So, listen here, New York publishing and Amazon: STOP PANICKING. There's enough ice cream - er, slices of the e-book pie - for everyone here. It's time to embrace the future. Can't we all just get along?

10 comments:

Aaron Paul Lazar said...

Wow, S.W. I had no idea this was going on! You've got your ear to the ground on so many hot issues, thanks for bringing us up to speed on the confusing, but interesting, battle!

I fall into the hardcover crowd - I buy hardcovers (up to $32.00 for favorite authors) because I LOVE holding them in my hand and putting them on my shelf and seeing the author's signature on the flyleaf (when I can get it).

To me, the pure pleasure of being able to pass a great book on to my wife, kids, and eventually grandchildren is a thrill. Also, with a hardcover you can bring it out on a boat or carry in your back pocket to the doctor's office. I buy ebooks only when my fave authors don't have the hardcovers available. I still buy them, but it isn't as lovely an experience as opening the package, running my hands over the glossy cover, and settling down by the fire. I also like the feeling of turning a page - literally. ;o) But I'm all for ebooks in all genres - I think it's a helluva value for those who don't want the more expensive counterparts! Like you said, there's room enough for all of them!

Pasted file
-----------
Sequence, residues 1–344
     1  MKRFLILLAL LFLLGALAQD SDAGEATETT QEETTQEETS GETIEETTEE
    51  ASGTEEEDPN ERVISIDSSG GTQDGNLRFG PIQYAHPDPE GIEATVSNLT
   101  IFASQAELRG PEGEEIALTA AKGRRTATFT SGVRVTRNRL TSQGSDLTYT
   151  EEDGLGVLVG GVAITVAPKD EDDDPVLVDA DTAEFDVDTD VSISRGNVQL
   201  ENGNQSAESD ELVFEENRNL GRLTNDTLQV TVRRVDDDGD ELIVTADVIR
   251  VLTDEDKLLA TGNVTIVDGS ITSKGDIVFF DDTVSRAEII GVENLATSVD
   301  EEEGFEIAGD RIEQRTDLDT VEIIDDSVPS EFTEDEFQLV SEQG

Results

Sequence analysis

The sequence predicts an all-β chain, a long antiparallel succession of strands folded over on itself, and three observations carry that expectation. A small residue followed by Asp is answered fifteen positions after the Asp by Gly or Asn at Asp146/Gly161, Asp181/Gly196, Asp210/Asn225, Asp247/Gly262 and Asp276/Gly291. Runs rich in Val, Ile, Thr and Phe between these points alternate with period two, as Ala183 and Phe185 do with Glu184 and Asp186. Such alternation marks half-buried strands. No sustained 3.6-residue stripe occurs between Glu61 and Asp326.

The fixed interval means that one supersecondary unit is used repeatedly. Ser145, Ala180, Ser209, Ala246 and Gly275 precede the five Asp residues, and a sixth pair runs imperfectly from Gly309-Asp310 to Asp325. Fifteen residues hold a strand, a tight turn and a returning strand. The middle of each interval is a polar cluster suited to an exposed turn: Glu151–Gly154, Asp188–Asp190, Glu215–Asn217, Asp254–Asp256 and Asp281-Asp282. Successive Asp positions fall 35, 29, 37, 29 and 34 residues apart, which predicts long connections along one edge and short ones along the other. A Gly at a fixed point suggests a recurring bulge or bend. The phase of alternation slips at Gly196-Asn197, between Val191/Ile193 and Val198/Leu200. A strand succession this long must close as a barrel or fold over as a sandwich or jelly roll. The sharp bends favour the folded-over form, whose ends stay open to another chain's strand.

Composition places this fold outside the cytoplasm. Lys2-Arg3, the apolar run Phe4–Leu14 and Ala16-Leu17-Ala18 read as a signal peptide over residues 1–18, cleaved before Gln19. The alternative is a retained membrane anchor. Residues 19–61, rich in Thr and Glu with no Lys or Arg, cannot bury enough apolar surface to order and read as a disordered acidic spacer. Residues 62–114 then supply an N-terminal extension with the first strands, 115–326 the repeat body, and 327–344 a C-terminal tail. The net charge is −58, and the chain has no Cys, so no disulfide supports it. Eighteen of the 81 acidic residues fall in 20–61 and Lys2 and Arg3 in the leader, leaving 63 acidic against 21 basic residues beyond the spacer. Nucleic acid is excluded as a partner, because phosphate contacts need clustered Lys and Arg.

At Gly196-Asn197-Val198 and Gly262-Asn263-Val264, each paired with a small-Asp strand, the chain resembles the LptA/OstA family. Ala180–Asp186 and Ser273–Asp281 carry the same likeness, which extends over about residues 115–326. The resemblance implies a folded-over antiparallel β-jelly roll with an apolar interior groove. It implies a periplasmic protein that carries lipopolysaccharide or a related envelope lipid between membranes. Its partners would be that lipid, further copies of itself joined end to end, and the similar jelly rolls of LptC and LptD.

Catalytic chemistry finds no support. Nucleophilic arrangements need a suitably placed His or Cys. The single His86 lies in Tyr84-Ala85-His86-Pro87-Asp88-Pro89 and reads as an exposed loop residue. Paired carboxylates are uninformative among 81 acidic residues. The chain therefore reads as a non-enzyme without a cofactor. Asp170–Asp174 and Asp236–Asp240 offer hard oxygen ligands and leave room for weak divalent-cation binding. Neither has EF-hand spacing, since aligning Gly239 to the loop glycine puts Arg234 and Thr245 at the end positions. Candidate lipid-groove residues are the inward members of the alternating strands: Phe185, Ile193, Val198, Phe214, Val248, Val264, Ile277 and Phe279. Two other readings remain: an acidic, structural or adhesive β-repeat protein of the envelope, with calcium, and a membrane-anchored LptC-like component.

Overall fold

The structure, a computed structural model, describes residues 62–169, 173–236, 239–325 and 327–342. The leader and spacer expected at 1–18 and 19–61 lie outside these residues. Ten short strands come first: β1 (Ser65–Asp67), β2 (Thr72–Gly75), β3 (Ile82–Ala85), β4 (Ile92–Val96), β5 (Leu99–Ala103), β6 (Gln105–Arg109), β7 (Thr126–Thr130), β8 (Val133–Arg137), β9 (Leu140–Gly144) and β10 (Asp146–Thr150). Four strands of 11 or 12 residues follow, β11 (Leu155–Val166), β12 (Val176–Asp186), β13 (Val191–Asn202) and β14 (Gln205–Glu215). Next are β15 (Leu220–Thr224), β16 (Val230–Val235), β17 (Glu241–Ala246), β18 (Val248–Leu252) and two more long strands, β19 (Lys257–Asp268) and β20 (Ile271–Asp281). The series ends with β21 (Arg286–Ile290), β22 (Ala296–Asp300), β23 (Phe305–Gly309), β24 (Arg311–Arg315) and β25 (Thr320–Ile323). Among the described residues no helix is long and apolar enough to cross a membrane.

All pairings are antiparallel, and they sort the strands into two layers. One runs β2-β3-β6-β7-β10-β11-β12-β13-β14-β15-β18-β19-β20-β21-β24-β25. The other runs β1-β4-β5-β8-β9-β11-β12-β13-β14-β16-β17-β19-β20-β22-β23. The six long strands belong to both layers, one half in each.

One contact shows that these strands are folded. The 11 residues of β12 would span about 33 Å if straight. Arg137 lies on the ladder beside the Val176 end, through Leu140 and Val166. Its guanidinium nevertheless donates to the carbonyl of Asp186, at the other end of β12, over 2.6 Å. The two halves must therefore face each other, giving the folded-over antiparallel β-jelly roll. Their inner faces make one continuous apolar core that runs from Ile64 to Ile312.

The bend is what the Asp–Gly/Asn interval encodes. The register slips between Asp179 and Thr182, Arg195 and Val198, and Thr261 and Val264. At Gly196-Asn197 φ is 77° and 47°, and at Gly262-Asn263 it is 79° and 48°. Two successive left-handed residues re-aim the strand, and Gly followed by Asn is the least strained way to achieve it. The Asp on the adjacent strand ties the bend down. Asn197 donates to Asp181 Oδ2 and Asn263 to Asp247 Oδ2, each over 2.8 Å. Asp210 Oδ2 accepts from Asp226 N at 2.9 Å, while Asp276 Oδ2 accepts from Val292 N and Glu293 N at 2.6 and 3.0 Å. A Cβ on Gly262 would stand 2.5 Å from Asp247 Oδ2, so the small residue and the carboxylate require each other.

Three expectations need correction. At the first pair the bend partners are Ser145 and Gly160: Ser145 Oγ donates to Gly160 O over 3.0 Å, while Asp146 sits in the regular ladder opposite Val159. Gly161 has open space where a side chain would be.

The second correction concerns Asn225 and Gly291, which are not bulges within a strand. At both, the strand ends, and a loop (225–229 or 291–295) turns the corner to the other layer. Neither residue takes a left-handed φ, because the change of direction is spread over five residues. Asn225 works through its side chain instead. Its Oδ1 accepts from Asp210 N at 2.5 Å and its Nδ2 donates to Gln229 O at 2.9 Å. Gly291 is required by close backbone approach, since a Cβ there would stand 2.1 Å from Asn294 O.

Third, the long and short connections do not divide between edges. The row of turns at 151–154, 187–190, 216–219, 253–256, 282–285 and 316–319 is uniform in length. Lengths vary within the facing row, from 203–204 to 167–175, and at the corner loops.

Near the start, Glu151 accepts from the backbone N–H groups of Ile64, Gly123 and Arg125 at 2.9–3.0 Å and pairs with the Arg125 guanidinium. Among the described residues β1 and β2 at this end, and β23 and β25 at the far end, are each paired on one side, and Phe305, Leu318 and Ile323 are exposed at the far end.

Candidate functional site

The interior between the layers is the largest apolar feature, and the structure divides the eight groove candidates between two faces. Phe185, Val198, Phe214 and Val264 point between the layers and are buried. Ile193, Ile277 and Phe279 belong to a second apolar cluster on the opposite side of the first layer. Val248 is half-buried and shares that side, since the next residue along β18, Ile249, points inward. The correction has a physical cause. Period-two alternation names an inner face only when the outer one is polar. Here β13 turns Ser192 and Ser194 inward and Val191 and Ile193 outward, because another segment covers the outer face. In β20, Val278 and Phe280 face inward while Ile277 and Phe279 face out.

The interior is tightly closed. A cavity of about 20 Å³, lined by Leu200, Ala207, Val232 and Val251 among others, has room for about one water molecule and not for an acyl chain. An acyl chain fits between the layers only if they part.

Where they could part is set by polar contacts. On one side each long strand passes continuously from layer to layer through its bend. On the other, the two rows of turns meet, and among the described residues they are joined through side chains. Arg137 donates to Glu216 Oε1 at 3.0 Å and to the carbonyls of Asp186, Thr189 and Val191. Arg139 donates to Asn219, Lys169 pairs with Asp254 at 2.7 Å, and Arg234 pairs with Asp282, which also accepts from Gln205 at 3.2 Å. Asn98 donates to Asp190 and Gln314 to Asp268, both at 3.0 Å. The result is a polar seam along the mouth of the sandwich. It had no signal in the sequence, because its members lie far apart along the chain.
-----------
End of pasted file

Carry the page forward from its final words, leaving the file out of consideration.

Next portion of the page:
JaxPop said...

I don't see where Macmillan was wrong - they are the publisher. If their sales falter because the price is perceived as too high - oh well. Amazon has no skin in the game - there's nothing to inventory & no shipping costs for e-book sales. I also agree that hardcover buyers will be loyal.

Amazon played shenanigans with buy button threats & removals when they insisted on offering POD books only through their affiliate Create Space. Some PODs went into panic mode & caved, Booklocker took them on & won. (writersweekly.com)

The whole business is crazy & the majority of authors (the ones that sacrifice, create & invest their hard work) get the crumbs.

I think e-books will be the game-changer. Authors & readers will probably reap some great early benefits. POD & small presses will continue taking a greater market share from the big guys. Efficiency will win out & with improved efficiency comes profitability.

Kim Smith said...

Ahhh... the ever changing world of ebooks... amazing to me that we haven't gotten here before now. I blame iPad and Apple for being the catalyst to the pricing point. Apple has always been a very expensive, proprietary business. Nothing new there.

I am worried about the future of ebooks though. I can get no more than 5.99 at my publishers site on sales but I get a bigger hunk of that amount for myself than I do anywhere else.

Congusted over here, SW. (confused and disgusted)

Marta Stephens said...

Makes ya wanna say, "Play nice, now." This rates up there with what Amazon did to small presses a year or so ago when they (Amazon) bought Booksource and tried to force everyone to use it. How many small presses went belly up as the result of that one?